Published: 16:30, 06 October 2020
A special school which opened its doors last week is planning on using a Scandinavian approach with its students.
Infiniti School, in The Street, Doddington, near Sittingbourne , will operate a “forest school” for its youngsters, which is popular in Norway and Sweden.
The concept, which embraces outdoor play in wooded spaces as a tool for learning and development, has been around in the UK for a few years. New head teacher, Nick Rogers, thinks coupled with the school’s outdoor site it will be really effective for his young cohort.
The 40-year-old explained how Infiniti school will take up to 32 children from Year 7 to Year 13 with special education needs, as well as having six members of staff and language or occupational therapists.
Mr Rogers wants to specialise in outdoor education at Infiniti, which currently doesn’t have any students as it waits for Kent County Council to refer anyone it thinks will match the school’s criteria.
He said: “What we’re hoping with the outdoor education and forest school is that the engagement, building on relationships and all the positive aspects of those will have a knock on effect in other areas.
“It’s going to be a therapeutic environment where we work with the students, which is different to the mainstream approach.”
Mr Rogers, who was born and raised in Sittingbourne, has spent two years in America completing a Masters in special educational needs (SEN) and inclusion, which involved working at a secure unit in a mountain in West Virginia and a school for students with Down’s Syndrome, which had its own flat to help teach life skills.
The Doddington school, which was previously a primary school but was forced to shut in 2006 , was expected to open in June, but was delayed due to Covid-19.
“The 32 students would be a bubble in itself,” Mr Rogers said about how he has prepared for youngsters coming in during the pandemic.
Mr Rogers praised the school’s site, claiming it is exactly what it needs to deliver the type of teaching he wants to do.
He said: “A lot of the time in SEN schools the actual premises isn’t suited to what they want to do.
'They have an in-depth knowledge of their needs and that’s one of the most important things.'
“We want to be outdoors based and involve sport and the two big fields we have here will be perfect for that.”
Students who attend the school won’t only see a friendly face in Mr Rogers and his staff, but they’ll also have the chance to meet Chewie, the school dog.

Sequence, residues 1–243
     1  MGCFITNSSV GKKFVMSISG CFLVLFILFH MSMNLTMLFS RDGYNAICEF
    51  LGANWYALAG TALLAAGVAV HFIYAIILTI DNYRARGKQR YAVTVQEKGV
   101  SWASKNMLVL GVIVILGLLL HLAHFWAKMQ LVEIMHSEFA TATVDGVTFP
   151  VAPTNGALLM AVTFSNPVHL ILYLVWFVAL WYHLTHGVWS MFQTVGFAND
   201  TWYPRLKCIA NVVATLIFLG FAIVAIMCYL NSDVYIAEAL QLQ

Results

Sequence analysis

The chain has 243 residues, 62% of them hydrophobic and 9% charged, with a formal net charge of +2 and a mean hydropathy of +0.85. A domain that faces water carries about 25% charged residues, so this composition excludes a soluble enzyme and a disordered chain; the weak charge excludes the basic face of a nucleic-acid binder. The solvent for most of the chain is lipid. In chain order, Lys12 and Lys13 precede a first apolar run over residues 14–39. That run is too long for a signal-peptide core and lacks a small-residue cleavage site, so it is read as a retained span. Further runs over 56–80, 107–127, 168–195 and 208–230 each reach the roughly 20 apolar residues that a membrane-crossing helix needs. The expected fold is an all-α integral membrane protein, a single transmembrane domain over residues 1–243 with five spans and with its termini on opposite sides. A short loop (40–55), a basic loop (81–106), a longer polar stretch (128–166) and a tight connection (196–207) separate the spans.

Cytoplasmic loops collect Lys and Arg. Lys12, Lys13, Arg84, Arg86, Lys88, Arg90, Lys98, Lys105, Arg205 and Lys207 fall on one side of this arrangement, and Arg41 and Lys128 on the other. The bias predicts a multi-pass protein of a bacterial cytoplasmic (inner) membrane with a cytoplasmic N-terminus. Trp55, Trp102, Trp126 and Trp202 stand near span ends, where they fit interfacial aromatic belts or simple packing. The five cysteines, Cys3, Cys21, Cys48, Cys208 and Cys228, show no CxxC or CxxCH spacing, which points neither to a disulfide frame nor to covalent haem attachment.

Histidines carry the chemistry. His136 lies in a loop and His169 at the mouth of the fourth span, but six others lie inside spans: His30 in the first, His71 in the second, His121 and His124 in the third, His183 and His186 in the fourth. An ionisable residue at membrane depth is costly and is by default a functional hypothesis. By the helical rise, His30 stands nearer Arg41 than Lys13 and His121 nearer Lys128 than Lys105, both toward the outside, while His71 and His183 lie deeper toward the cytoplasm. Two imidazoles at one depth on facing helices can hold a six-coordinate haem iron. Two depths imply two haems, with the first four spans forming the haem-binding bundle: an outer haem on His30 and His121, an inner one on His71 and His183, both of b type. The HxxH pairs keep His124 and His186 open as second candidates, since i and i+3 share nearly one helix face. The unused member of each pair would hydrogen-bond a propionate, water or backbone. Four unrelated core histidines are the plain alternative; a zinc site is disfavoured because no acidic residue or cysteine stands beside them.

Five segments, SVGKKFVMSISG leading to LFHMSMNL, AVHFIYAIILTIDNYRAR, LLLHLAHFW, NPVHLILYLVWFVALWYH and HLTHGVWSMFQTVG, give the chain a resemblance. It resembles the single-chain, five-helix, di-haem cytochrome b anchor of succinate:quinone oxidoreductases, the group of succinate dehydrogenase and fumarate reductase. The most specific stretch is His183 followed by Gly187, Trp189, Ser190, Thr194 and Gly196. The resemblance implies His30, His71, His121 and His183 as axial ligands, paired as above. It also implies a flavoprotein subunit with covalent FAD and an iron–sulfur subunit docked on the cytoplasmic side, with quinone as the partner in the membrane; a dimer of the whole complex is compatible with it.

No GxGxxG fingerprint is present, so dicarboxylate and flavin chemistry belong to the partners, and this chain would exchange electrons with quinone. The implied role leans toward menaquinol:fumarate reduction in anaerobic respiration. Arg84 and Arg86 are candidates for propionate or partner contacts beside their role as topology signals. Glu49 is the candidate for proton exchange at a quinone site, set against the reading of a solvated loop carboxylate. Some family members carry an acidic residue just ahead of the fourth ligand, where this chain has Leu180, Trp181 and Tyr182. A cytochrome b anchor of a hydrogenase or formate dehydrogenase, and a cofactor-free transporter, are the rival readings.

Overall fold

The playful six-month-old Yorkshire Terrier lives with teaching assistant Melanie Westell and isn’t just there to boost morale.
Chewie, named after Star Wars wookie Chewbacca, will eventually be trained to become a therapy dog to help a range of needs for the school’s SEN students.
Mr Rogers highlighted how eager he was to welcome students into the classroom in an environment which allows their teacher to get to know them extremely well.
He said: “Because of the staff and student numbers they’ll be in groups of eight, compared to 30 or so at a mainstream school.
“It has a lot of knock on effects, such as staff getting to know the students more and cater for their in depth and complex needs, which in a group of 30 would be really hard.
“They have an in-depth knowledge of their needs and that’s one of the most important things.”
More staff will be recruited as the school gets bigger.
“We’re fortunate we’ve got a very large building with a very small number of people initially,” said head teacher Neil Dipple talking about possible challenges with the coronavirus and social distancing regulations.
“It’ll be a challenge but we have the luxury of space and few people and we can put systems like one-way exit and entry in place.
“I really like the environment we have around us, it’s going to be a real strength of the school to have an area for every class to have their own outdoor space.”
In comparison to the purpose-built Aspire school, Doddington’s is a small building on a long narrow road through the village, although with a surprising amount of light and space.
There were some concerns about how students would be able to make their way to and from school.
Mr Rogers said: “That is something the landlord mentioned to me when we started looking at the site, but I explained many of the children would be on an Education, Health and Care Plan and would be arriving at the school in a taxi.”
In nearly two decades of being involved with SEN, teaching children who have been excluded, including his time in the States, Mr Rogers thinks there has been a shift in how children with additional needs are perceived. He said: “It’s very much changed from seeing a child behaving badly and thinking they’re a naughty student to trying to understand why they are behaving badly.
“As a teacher you would learn about social, emotional and behaviour difficulties, but now you are taught about social, emotional and mental health needs, as a child’s behaviour is more often than not a result of something happening. This change acknowledges the student as a vulnerable person.”
During an exclusive look round the school on International Teacher’s Day the head teacher spoke of how important it was to have schools like his in the area.
Another is planned to open on the former Danley Middle School site in Sheppey in September 2022 for 120 young people with special needs.
Aspire will welcome up to 32 pupils in September, growing to 160 children over five years.